Culture Ministry awards honor music and photography

DAILY SABAH
ANKARA
Published
President Recep Tayyip Erdoğan presented a Culture and Tourism Ministry award to Amir Ateş, head of the Üsküdar Music Society, at a ceremony in Ankara yesterday.
President Recep Tayyip Erdoğan presented a Culture and Tourism Ministry award to Amir Ateş, head of the Üsküdar Music Society, at a ceremony in Ankara yesterday.

A museum dedicated to legendary photographer Ara Güler and a century-old musical society were recipients of the Culture and Tourism Ministry awards yesterday that honored figures that left their mark on Turkish culture

At a ceremony in the presidential complex in the capital, Ankara, Thursday, a museum that doubles as a research center dedicated to the late legend of world of photography, Ara Güler, and a historic music society in Istanbul received awards from the Culture and Tourism Ministry.

President Recep Tayyip Erdoğan delivered the awards to representatives of the museum and the society.

The Ara Güler Archive and Research Center and Ara Güler Museum were awarded for their contribution to Turkish photography as the country's first photography museum. The center and museum is home to thousands of photos from the collection of Güler.

Dubbed the "Eye of Istanbul," Güler, who died in October 2018 at the age of 90, rose to fame with his black-and-white portraits of Istanbul.

He belonged to a family of Turkish intellectuals, and in a career that spanned several decades, he worked for Magnum Photos, Paris Match and Germany's Stern among other organizations, interviewing and photographing politicians and artists.

Güler's photo interviews with many well-known figures such as British politician Winston Churchill, British philosopher Bertrand Russell, ex-Indian Prime Minister Indira Gandhi, Spanish painters Salvador Dali and Pablo Picasso and U.K.-born film director Alfred Hitchcock brought him international fame. A self-described photojournalist, he could not escape the definition of "photography artist" in Turkey, especially with his black-and-white photos of Turkey in the 1950s that remain the most realistic rendition of the period along with their artistic value.

Speaking at the awards ceremony, President Erdoğan, who was one of the last politicians Güler photographed, heaped praise on the late photographer. "We used to meet many times in recent years; he was a true gentleman," he said, adding that the archive he left would keep his art alive.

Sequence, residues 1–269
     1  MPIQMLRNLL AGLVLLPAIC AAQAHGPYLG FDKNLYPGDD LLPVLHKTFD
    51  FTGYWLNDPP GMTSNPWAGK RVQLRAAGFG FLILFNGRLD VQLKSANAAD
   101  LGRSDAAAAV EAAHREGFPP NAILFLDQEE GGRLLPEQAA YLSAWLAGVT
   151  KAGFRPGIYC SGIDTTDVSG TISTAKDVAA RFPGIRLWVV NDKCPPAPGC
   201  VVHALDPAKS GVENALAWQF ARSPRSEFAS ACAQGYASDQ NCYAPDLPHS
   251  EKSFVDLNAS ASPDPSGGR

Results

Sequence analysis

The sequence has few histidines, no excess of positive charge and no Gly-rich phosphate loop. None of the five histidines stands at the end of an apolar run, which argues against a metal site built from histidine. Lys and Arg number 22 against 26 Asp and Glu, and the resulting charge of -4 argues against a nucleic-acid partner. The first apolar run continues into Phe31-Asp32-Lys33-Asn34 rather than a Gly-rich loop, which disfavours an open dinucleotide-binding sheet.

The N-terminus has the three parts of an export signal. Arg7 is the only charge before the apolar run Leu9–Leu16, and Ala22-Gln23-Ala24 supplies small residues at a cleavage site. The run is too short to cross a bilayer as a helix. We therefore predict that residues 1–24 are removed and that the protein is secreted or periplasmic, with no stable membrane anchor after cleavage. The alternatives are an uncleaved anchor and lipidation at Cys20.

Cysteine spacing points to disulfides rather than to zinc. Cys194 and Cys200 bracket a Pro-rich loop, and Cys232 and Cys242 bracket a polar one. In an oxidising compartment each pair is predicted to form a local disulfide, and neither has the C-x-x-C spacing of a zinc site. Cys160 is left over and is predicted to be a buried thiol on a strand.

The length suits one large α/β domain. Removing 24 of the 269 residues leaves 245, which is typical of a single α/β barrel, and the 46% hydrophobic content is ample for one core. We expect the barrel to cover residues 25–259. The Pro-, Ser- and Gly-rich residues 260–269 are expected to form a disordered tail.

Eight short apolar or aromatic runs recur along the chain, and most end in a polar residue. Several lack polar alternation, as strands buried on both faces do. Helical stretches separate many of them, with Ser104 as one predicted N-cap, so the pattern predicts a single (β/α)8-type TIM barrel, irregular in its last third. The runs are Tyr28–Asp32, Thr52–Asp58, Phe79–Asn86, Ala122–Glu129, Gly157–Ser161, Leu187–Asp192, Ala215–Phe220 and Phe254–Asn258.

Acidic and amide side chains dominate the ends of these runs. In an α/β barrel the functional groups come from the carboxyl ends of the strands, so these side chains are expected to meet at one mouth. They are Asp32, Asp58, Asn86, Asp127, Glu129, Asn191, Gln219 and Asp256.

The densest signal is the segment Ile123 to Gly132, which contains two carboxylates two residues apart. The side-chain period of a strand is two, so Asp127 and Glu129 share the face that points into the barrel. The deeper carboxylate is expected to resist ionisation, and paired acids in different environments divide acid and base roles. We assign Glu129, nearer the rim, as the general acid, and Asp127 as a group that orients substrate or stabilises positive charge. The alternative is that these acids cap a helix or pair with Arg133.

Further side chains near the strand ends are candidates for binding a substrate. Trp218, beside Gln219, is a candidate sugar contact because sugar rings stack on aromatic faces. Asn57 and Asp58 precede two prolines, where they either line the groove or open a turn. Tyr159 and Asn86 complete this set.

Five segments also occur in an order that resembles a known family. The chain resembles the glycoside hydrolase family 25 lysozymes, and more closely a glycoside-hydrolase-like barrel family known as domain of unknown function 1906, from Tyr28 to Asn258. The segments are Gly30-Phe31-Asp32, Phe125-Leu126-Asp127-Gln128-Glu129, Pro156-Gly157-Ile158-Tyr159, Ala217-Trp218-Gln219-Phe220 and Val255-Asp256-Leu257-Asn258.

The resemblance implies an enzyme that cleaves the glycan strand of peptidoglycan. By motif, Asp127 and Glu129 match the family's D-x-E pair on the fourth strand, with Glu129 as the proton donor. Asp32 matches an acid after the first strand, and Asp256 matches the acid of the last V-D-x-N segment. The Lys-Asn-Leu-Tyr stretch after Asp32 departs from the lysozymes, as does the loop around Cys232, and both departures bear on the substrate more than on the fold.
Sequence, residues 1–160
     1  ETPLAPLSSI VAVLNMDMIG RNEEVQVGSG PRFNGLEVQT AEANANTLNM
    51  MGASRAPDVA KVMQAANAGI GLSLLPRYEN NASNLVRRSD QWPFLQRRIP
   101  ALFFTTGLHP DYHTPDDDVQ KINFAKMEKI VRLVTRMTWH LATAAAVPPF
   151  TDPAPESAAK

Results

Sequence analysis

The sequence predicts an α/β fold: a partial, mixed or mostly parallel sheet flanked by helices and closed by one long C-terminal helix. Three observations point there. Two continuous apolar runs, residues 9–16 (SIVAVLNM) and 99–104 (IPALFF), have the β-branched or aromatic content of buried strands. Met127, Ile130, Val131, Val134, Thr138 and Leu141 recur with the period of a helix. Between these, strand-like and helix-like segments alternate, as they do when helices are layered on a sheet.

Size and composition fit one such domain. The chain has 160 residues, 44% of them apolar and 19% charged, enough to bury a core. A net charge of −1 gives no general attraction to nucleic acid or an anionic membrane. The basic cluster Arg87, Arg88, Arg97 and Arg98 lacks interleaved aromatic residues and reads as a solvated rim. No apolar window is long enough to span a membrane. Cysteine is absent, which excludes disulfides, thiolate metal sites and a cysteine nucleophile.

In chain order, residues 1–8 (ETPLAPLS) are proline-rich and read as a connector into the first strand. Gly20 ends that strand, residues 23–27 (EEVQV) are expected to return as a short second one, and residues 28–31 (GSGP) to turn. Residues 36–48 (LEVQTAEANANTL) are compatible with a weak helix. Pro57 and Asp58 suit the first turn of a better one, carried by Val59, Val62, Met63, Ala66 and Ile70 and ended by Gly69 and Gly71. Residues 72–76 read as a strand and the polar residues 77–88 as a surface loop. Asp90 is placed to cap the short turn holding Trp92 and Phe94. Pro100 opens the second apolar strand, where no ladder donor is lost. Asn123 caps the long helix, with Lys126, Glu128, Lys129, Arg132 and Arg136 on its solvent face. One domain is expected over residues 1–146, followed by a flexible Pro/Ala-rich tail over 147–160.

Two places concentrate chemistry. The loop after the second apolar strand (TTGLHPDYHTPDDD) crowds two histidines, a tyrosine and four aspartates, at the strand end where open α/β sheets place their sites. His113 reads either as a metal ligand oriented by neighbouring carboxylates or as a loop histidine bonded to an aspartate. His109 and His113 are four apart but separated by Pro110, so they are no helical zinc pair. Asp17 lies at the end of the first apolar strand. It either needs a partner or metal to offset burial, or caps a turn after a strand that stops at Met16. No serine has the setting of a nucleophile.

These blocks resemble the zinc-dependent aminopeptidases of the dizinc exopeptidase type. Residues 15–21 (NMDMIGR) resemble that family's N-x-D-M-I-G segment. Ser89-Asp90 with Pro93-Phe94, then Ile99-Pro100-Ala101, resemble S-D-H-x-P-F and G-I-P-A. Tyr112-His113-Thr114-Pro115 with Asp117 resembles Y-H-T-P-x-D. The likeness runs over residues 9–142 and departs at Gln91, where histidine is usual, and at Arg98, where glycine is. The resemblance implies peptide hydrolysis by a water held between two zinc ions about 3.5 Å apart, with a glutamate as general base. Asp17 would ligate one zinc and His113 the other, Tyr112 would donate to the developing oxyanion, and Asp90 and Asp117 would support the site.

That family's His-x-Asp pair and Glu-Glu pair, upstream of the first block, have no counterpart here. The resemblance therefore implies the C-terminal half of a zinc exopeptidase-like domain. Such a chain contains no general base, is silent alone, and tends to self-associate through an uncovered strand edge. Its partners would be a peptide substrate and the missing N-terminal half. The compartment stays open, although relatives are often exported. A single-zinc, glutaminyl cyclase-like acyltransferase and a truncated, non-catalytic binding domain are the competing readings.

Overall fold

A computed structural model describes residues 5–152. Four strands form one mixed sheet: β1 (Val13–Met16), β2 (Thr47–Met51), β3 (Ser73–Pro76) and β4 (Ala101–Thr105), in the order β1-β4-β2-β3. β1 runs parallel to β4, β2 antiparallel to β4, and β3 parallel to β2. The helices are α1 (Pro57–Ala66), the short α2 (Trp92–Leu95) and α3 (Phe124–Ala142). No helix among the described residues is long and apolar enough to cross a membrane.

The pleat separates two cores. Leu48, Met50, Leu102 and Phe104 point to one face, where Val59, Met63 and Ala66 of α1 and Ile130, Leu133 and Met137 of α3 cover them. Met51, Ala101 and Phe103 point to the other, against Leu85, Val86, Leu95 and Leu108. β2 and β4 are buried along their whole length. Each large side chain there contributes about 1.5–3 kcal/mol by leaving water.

The other recipient of the award, the Emin Ongan Üsküdar Music Society, was launched in 1918 under the name the Anatolian Music Society by a group of music lovers. It changed its name after the titular Istanbul district where it is based in 1923. Decades later, it was named after Emin Ongan, a violinist, maestro and lecturer at a prestigious music school in Istanbul who dedicated more than five decades of his life to society.

Starting as a modest gathering of amateur musicians and singers, it evolved into a school educating pianists, violinists and singers with a focus on Turkish classical music or sanat (art) music, a genre tracing its roots to the late Ottoman period. Music in its title is "musiki" in Turkish, an old name used for sanat music that emphasizes the use of traditional Turkish and regional instruments such as ud (oud) and kanun (qanun - an instrument similar to the zither). It trained musicians and singers and served as a launching pad for the careers of renowned musical educators. The society counts Avni Anıl, a renowned composer of Turkish sanat music, Ahmet Özhan, one of the most famous sanat music singers and legendary diva Müzeyyen Senar among its students and members. Tarkan, one of Turkey's few internationally recognized pop stars, who started his career as a sanat music singer, was also educated at the Üsküdar Music Society.

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